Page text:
function values at noninducing points are mutually independent conditioned on function values at the inducing points,
the (expensive) posterior over function values at inducing points conditional on obseravtions is replaced with an arbitrary (learnable) fullrank Gaussian distribution,
q(f(Z)) = MVN(loc=m, scale=S),
where m
and S
are parameters to be chosen by optimizing an evidence
lower bound (ELBO).
The posterior predictive distribution becomes
q(f(T)) = integral df(Z) p(f(T)  f(Z)) q(f(Z)) = MVN(loc = A @ m, scale = B^(1/2))
where
A = K_tz @ K_zz^1 B = K_tt  A @ (K_zz  S S^T) A^T
The approximate posterior predictive distribution q(f(T))
is what the
VariationalGaussianProcess
class represents.
Model selection in this framework entails choosing the kernel parameters, inducing point locations, and variational parameters. We do this by optimizing a variational lower bound on the marginal log likelihood of observed data. The lower bound takes the following form (see Titsias (2009) and Hensman (2013) for details on the derivation):
L(Z, m, S, Y) = MVN(loc= (K_zx @ K_zz^1) @ m, scale_diag=sigma).log_prob(Y)  (Tr(K_xx  K_zx @ K_zz^1 @ K_xz) + Tr(S @ S^T @ K_zz^1 @ K_zx @ K_xz @ K_zz^1)) / (2 * sigma^2)  KL(q(f(Z))  p(f(Z))))
where in the final KL term, p(f(Z))
is the GP prior on inducing point
function values. This variational lower bound can be computed on minibatches
of the full data set (X, Y)
. A method to compute the negative variational
lower bound is implemented as VariationalGaussianProcess$variational_loss
.
Optimal variational parameters
As described in Titsias (2009), a closed form optimum for the variational
location and scale parameters, m
and S
, can be computed when the
observational data are not prohibitively voluminous. The
optimal_variational_posterior
function to computes the optimal variational
posterior distribution over inducing point function values in terms of the GP
parameters (mean and kernel functions), inducing point locations, observation
index points, and observations. Note that the inducing index point locations
must still be optimized even when these parameters are known functions of the
inducing index points. The optimal parameters are computed as follows:
C = sigma^2 (K_zz + K_zx @ K_xz)^1 optimal Gaussian covariance: K_zz @ C @ K_zz optimal Gaussian location: sigma^2 K_zz @ C @ K_zx @ Y
Titsias, M. "Variational Model Selection for Sparse Gaussian Process Regression", 2009.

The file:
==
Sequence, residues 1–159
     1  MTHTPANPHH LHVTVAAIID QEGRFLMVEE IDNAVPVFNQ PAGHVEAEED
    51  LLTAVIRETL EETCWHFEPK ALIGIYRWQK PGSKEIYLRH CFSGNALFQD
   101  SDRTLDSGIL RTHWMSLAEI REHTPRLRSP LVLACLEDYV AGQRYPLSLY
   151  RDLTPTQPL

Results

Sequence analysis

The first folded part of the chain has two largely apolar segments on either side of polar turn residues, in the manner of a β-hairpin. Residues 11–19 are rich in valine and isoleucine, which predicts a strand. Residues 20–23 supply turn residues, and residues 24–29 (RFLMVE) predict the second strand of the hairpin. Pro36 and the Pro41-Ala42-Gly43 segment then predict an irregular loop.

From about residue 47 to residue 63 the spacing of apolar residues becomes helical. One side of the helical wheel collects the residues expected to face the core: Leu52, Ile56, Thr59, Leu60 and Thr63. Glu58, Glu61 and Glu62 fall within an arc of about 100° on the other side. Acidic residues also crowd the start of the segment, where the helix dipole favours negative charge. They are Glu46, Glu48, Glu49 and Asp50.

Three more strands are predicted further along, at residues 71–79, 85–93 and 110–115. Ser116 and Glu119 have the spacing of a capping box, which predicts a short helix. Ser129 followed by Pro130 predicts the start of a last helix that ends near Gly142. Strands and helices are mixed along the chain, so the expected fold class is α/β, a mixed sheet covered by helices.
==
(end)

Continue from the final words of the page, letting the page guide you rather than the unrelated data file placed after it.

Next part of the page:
Hensman, J., Lawrence, N. "Gaussian Processes for Big Data", 2013.
Carl Rasmussen, Chris Williams. Gaussian Processes For Machine Learning, 2006.
For usage examples see e.g. tfd_sample()
, tfd_log_prob()
, tfd_mean()
.
Other distributions:
tfd_autoregressive()
,
tfd_batch_reshape()
,
tfd_bates()
,
tfd_bernoulli()
,
tfd_beta_binomial()
,
tfd_beta()
,
tfd_binomial()
,
tfd_categorical()
,
tfd_cauchy()
,
tfd_chi2()
,
tfd_chi()
,
tfd_cholesky_lkj()
,
tfd_continuous_bernoulli()
,
tfd_deterministic()
,
tfd_dirichlet_multinomial()
,
tfd_dirichlet()
,
tfd_empirical()
,
tfd_exp_gamma()
,
tfd_exp_inverse_gamma()
,
tfd_exponential()
,
tfd_gamma_gamma()
,
tfd_gamma()
,
tfd_gaussian_process_regression_model()
,
tfd_gaussian_process()
,
tfd_generalized_normal()
,
tfd_geometric()
,
tfd_gumbel()
,
tfd_half_cauchy()
,
tfd_half_normal()
,
tfd_hidden_markov_model()
,
tfd_horseshoe()
,
tfd_independent()
,
tfd_inverse_gamma()
,
tfd_inverse_gaussian()
,
tfd_johnson_s_u()
,
tfd_joint_distribution_named_auto_batched()
,
tfd_joint_distribution_named()
,
tfd_joint_distribution_sequential_auto_batched()
,
tfd_joint_distribution_sequential()
,
tfd_kumaraswamy()
,
tfd_laplace()
,
tfd_linear_gaussian_state_space_model()
,
tfd_lkj()
,
tfd_log_logistic()
,
tfd_log_normal()
,
tfd_logistic()
,
tfd_mixture_same_family()
,
tfd_mixture()
,
tfd_multinomial()
,
tfd_multivariate_normal_diag_plus_low_rank()
,
tfd_multivariate_normal_diag()
,
tfd_multivariate_normal_full_covariance()
,
tfd_multivariate_normal_linear_operator()
,
tfd_multivariate_normal_tri_l()
,
tfd_multivariate_student_t_linear_operator()
,
tfd_negative_binomial()
,
tfd_normal()
,
tfd_one_hot_categorical()
,
tfd_pareto()
,
tfd_pixel_cnn()
,
tfd_poisson_log_normal_quadrature_compound()
,
tfd_poisson()
,
tfd_power_spherical()
,
tfd_probit_bernoulli()
,
tfd_quantized()
,
tfd_relaxed_bernoulli()
,
tfd_relaxed_one_hot_categorical()
,
tfd_sample_distribution()
,
tfd_sinh_arcsinh()
,
tfd_skellam()
,
tfd_spherical_uniform()
,
tfd_student_t_process()
,
tfd_student_t()
,
tfd_transformed_distribution()
,
tfd_triangular()
,
tfd_truncated_cauchy()
,
tfd_truncated_normal()
,
tfd_uniform()
,
tfd_vector_diffeomixture()
,
tfd_vector_exponential_diag()
,
tfd_vector_exponential_linear_operator()
,
tfd_vector_laplace_diag()
,
tfd_vector_laplace_linear_operator()
,
tfd_vector_sinh_arcsinh_diag()
,
tfd_von_mises_fisher()
,
tfd_von_mises()
,
tfd_weibull()
,
tfd_wishart_linear_operator()
,
tfd_wishart_tri_l()
,
tfd_wishart()
,
tfd_zipf()